The staging is quite successful, with Nicklausse played as a double of Hoffmann: both are dressed exactly the same, including their wigs. The Olympia act is conceived as a children’s party with chorus members in suitable disguise. In the act of Antonia, the remarkable appearance of Doctor Miracle inside of the score that Antonia sings is a real theatrical coup. Perhaps the least interesting is the Venice act, with a rotating mirror that plays with the theft of human reflexes.

 The musical direction was entrusted to Constantin Trinks: not yet  40, he has become one of the most in-demand German conductors, and for good reason. He’s a reliable conductor, a true Kapellmeister, but I’ve always found him prone to abuse of orchestral volume, which occurred in this case. I don’t believe that French opera is his best choice  ̶  he lacks finesse and emotion on many occasions  ̶  but nonetheless he drew remarkable performances from the Orchestra and Chorus of the Bayerische Staatsoper.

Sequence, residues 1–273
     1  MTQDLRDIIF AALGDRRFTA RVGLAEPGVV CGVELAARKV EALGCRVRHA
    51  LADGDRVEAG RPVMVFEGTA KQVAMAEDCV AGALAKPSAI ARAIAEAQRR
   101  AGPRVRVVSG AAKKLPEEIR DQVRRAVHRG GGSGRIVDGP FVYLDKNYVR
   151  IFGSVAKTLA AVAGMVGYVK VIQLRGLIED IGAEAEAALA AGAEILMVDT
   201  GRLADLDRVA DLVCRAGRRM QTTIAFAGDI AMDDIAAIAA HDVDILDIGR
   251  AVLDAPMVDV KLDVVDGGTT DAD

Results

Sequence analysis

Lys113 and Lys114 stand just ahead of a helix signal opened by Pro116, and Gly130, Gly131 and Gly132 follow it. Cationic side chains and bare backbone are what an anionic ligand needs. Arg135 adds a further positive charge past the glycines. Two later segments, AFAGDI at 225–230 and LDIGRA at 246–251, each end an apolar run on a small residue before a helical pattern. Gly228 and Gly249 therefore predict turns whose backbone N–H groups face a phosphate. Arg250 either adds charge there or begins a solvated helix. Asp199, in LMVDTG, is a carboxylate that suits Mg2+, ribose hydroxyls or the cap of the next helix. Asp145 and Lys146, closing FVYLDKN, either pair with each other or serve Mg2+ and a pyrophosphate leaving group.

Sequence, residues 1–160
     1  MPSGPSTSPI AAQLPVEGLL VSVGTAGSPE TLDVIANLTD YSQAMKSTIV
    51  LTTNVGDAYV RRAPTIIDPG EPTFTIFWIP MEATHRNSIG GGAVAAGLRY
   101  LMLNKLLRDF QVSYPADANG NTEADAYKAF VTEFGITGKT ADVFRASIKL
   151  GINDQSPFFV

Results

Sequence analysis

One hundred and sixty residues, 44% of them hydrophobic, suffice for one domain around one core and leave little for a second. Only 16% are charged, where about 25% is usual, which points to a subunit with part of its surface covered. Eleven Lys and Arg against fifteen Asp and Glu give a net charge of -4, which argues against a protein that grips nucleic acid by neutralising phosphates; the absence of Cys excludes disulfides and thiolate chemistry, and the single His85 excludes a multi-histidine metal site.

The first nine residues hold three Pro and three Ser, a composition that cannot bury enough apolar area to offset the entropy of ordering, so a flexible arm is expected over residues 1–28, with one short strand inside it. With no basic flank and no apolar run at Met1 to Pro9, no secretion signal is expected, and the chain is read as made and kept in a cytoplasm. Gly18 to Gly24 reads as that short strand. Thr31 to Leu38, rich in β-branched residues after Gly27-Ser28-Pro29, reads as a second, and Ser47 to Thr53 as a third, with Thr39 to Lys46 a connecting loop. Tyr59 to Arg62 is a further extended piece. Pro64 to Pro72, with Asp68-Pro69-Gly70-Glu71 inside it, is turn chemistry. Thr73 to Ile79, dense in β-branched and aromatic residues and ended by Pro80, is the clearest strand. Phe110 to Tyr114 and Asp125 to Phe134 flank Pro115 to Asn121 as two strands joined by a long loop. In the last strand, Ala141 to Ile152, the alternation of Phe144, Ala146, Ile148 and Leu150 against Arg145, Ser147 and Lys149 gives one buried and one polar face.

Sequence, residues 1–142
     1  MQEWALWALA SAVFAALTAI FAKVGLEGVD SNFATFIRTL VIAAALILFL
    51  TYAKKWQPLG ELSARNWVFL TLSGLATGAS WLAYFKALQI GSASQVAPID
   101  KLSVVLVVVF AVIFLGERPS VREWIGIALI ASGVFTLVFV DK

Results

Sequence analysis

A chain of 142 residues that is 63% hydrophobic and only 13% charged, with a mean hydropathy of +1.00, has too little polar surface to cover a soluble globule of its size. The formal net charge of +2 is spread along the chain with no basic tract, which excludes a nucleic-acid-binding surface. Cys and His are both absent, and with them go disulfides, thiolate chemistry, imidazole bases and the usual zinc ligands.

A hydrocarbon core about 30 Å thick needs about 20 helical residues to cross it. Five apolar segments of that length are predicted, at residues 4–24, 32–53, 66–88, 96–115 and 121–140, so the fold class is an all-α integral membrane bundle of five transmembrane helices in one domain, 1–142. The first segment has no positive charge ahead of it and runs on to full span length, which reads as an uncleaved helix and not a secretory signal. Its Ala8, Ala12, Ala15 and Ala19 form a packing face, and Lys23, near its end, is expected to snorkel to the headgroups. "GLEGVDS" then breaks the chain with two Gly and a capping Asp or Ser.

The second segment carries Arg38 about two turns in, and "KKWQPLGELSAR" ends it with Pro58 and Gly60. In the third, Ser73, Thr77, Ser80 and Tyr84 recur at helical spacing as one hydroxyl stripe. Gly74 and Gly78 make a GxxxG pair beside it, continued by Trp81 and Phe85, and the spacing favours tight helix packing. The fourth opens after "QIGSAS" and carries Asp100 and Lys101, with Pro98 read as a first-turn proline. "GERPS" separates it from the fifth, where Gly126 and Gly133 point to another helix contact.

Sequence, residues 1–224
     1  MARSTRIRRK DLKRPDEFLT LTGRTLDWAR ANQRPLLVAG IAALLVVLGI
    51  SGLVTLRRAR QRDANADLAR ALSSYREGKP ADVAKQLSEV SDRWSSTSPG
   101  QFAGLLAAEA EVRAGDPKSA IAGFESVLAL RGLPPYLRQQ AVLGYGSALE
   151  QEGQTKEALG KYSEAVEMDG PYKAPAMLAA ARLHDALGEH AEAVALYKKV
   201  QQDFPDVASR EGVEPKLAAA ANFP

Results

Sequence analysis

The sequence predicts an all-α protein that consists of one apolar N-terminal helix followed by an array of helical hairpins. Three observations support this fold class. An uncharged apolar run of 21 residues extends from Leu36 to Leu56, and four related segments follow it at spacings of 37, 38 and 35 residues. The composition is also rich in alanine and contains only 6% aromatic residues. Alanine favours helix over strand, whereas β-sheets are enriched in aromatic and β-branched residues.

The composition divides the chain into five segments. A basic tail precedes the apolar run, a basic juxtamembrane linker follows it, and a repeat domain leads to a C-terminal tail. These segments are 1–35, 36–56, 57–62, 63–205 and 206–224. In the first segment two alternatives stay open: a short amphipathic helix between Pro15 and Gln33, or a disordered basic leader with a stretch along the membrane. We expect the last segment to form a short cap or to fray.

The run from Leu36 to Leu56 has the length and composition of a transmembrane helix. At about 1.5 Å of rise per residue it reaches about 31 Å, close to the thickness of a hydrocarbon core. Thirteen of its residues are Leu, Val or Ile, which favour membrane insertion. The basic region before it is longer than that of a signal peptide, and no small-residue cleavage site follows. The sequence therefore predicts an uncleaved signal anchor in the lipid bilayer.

Rolando Villazón interpreted Hoffmann in the Prologue and in Act I. All opera lovers know the problems this great artist has gone through in recent years, and he still has the sympathy and admiration of aficionados, particularly in Germany. Vocally, he is far from the great tenor he was, with a reduced and tight top. He knows his limitations and has a great ability to hide his weaknesses, escaping from difficulties whenever possible. He was a great actor here but a disappointing singer. In fact, at the start of Act II, it was announced that he was unwell and would be replaced for the remainder of the opera by another Mexican tenor, Arturo Chacón-Cruz, who had previously sung Hoffmann in this production.

 Given the circumstances, I must say that Chacón-Cruz was a treat. He knows the production, moves with ease on stage and has a voice that is adequate for the demands of the character. His biggest problems lie in a somewhat monotonous style that is based mostly on open sounds, and a compromised top range where he pushes significantly.